Mark Rothfield | VOLUME 32, ISSUE 5

The versatile Aquila 36 – supersized runabout or weekend cruiser, this cat has many talents.

As outboard-powered cats go, they don’t come much bigger, better or more brazenly suited to a luxury outdoor lifestyle than this 36-footer from Aquila.

Like no other boat of its length, it can capably serve as a couple’s retreat, cocktail cruiser, deep-sea fishing and dive boat, or simply an on-water entertainer with seating for no fewer than 20 guests.

Deck space echoes a 50ft monohull and affords three separate areas to cater for a myriad of roles. Lads can fish from the back as the ladies enjoy a champagne at the bow, or you can send the teens forward to listen to doof-doof music while the adults have the rear cockpit. Spread the yoga mats or ballroom dance, whatever floats your boat.

For overnighting, paradoxically, four people can enjoy intimate and comfortable accommodations below deck.

The boat is the result of a marriage between builder Sino Eagle in China and the MarineMax dealership in the USA, with Europe’s J&J Designs as the celebrant. While all have a chartering background, the 36 is their multifaceted multihull answer to the ubiquitous mid-sized monohull sportscruiser.


With two cabins and two bathrooms, it can certainly adapt to short-term labour. Feedback from Sydney Harbour operators has encouraged importer Multihull Central to put a 36 into 1E Survey, where it can carry 26 passengers in smooth waters.

Such is the versatility, there’s a water taxi/island shuttle version available, a dive boat option with space for tanks, and a charter fishing configuration. Syndication ownership would be another possibility, given its suitability for day boating.

Our test boat had been optimised for personal use by a Mooloolaba resident. In fact, the owner’s brother had bought the first Aquila 44 and both vessels now hang virtually side-by-side from private docks.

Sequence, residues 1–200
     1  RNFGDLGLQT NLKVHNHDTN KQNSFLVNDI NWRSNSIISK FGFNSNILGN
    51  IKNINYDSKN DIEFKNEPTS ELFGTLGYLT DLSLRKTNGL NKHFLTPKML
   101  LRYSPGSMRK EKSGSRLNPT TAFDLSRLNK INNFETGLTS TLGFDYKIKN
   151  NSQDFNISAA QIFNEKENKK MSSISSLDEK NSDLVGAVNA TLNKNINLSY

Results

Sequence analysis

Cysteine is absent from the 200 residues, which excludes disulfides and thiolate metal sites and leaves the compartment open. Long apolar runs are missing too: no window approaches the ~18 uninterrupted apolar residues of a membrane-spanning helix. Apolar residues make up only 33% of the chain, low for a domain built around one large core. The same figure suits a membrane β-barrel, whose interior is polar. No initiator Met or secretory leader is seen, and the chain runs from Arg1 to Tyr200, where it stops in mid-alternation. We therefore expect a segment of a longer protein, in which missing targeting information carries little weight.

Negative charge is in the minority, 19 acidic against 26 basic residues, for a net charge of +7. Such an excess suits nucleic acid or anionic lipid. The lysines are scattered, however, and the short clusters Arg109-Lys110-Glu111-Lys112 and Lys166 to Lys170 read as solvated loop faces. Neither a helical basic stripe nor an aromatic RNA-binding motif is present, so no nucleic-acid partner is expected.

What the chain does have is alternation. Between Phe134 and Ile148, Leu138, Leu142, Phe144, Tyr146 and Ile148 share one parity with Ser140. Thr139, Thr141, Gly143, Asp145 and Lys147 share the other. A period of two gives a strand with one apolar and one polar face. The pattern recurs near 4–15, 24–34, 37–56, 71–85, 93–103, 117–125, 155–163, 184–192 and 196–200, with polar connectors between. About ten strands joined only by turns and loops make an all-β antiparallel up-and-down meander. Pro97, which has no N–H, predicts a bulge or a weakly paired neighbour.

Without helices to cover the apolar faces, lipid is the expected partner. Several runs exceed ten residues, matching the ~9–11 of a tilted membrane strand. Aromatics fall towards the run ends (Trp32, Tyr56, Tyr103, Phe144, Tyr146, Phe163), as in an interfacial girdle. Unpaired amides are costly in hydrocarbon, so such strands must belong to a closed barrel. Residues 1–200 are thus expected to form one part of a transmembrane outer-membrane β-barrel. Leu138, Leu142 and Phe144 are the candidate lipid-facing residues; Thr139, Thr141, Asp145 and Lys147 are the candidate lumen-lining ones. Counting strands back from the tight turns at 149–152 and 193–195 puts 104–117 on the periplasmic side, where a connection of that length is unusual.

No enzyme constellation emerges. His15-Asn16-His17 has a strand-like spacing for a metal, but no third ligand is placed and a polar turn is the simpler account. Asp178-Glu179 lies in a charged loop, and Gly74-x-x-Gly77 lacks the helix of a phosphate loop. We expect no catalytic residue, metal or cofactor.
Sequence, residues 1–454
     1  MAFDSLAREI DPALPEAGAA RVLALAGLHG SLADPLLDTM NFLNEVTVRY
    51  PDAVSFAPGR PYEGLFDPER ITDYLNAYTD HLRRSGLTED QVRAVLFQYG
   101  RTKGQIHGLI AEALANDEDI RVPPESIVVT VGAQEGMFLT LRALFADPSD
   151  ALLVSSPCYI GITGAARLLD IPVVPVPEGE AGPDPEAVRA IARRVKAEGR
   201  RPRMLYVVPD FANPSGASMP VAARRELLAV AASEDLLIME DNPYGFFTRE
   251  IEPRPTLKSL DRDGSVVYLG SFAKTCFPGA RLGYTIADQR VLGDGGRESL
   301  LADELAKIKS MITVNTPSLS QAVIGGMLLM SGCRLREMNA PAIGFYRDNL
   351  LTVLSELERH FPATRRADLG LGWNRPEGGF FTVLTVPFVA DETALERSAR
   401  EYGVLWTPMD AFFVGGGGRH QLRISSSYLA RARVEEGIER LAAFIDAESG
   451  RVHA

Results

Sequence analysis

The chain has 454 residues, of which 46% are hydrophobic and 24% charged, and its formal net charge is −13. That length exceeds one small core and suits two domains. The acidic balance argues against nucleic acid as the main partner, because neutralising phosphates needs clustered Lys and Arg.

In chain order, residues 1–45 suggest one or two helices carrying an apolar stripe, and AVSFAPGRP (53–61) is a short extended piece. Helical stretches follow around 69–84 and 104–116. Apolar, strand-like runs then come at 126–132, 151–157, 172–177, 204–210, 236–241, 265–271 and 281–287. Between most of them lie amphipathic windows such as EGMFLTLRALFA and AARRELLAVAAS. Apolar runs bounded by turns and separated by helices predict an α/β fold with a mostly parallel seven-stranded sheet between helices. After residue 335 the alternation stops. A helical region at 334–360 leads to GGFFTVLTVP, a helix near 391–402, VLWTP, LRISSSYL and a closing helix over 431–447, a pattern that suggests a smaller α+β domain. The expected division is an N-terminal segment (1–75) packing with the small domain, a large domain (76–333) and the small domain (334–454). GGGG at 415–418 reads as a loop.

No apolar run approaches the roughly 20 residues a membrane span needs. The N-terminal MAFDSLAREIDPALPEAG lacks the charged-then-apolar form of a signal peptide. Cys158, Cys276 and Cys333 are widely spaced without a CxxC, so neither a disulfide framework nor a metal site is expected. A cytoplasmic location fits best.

Entry to the 36’s cockpit is via topside boarding gates (port and starboard) with SeaDek non-skid decking underfoot. There’s a five-step swimladder concealed in the aft platform and another can be fitted forward.

Aft lounges span almost the entire stern, with a centre section facing aft for use when anchored, and lowering to a sunbed. The fibreglass bases are insulated iceboxes, supplementing the 80lt Isotherm drawer fridge/freezer in the nearby wetbar.

The bar unit can include an electric grill or, alternatively, you’d run a barbecue off the rear quarter. It has a moulded sink in the Corian-style benchtop, but otherwise the galley is minimalistic. An additional fridge is needed if planning longer stays, and a microwave would come in handy.

The test boat had a half-height, runabout-style windscreen that can be topped with clears, however a full glass enclosure is offered which would markedly change the boat’s cruising aspirations.

A clear benefit of having transom-hung outboards is that the hull voids beneath the cockpit are devoted to twin fuel tanks of 675lt a side, along with water tankage – 200lt as standard and 540lt optional. This places weight just aft of amidships, keeping the bows light. You can also install a genset to port.

Shaded by an expansive hardtop, with the option of an electric sunroof, the central deck features an L-shaped dinette with folding table. The starboard-side helm offers excellent visibility and includes a Raymarine navigation package.